Also, San Diego City Schools received National Science Foundation, NSF, funding for an Urban Systemic Project, to improve mathematics and science in city schools. The Professional Development Collaborative was subcontracted by the Project to provide professional development for teachers of science and mathematics.

2002 – 2005

We continued to receive funding from the CMDPI through the 2003 – 2004 school year. This provided support for stipends for participants in the Mathematics Specialist Certificate Program.

We again partnered with FIMSE again to obtain a Funds for the Improvement in Education, FIE, to design and implement a Primary Mathematics Specialist Certificate Program, PMSCP, for teachers in grades K, 1, and 2 in San Diego City Schools. Our first PMSCP “graduates” received their certificates in November, 2005. Since that group began in January 2004, we have had a new cohort of teachers begin the program each semester.

In 2004 a successful California Post-Secondary Committee, CPEC, grant was developed in partnership with SDCS for professional development for up to 30 middle school teachers over a two year period. This provided an opportunity for the teachers to earn 12 units of credit in mathematics and 3 units in mathematical pedagogy and to become “highly qualified” under the mandates of the No Child Left Behind legislation.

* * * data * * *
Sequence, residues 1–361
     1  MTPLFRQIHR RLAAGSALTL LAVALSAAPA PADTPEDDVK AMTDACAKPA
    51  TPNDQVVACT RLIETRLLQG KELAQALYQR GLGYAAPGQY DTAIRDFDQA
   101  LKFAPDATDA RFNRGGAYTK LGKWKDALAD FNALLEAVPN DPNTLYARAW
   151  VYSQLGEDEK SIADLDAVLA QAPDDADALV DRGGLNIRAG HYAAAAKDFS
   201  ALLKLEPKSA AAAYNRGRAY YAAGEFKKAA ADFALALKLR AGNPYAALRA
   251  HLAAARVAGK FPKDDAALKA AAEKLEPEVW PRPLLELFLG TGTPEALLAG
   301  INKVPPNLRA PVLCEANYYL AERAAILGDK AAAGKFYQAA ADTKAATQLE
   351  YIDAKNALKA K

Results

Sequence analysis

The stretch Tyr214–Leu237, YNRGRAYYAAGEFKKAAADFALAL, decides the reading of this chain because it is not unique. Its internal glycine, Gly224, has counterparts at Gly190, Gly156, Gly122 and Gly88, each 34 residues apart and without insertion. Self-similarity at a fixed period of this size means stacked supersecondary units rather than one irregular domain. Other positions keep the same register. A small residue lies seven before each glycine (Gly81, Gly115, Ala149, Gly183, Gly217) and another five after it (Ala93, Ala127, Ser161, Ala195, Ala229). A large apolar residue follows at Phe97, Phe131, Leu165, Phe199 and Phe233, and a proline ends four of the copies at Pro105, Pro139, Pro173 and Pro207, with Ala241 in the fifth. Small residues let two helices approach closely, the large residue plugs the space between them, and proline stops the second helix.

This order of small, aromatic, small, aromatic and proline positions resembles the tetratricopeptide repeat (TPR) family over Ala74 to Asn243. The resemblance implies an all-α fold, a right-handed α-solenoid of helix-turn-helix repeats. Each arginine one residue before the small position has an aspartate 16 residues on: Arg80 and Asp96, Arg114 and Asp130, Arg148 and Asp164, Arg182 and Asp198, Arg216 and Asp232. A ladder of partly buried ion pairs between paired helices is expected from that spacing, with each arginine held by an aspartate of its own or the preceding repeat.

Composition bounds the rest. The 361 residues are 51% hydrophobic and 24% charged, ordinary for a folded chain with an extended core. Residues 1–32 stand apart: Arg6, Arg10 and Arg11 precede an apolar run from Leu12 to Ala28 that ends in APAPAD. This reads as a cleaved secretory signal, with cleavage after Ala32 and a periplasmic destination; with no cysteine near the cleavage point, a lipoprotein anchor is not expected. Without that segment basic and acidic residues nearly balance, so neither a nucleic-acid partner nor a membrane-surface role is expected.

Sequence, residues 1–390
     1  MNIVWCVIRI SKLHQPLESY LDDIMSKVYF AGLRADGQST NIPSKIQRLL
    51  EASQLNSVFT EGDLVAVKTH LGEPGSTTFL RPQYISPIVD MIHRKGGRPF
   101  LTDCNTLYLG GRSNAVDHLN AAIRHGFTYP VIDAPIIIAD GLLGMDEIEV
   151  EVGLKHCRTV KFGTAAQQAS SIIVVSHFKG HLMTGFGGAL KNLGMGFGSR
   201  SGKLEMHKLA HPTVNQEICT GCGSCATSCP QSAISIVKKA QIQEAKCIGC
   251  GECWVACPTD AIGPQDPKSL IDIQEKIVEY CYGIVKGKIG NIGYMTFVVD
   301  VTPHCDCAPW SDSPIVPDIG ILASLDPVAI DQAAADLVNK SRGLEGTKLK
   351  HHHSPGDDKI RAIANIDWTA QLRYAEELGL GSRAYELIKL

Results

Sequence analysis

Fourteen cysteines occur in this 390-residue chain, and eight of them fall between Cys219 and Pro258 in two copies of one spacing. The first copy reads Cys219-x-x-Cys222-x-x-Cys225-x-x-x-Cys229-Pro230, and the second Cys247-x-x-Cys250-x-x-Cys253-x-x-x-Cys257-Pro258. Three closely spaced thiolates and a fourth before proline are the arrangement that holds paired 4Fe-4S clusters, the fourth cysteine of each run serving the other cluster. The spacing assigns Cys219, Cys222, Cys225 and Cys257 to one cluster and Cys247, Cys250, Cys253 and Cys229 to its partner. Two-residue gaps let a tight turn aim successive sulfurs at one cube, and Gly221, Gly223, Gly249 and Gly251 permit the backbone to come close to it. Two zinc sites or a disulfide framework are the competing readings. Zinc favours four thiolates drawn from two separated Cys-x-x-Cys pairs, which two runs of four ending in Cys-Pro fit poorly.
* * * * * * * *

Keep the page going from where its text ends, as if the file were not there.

During the 2003 – 2004 school year we began our first partnership, which was with the City Heights Pilot in SDCS to provide professional development leading to an MSCP certificate for their upper elementary grade teachers. In August, 2004 we were the recipients of a substantial grant from QUALCOMM that became the Improving Student Achievement in Mathematics, ISAM, Initiative to expand our PDC coursework and professional development in partnership with districts in addition to SDCS. The following year extensive planning and collaborating began to develop long term partnerships with Lemon Grove School District , Ramona Unified School District and the Sweetwater Union High School District . Research and evaluation plans to determine the impact of the professional development on teacher knowledge and practice as well as student achievement were developed.

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Recent Activities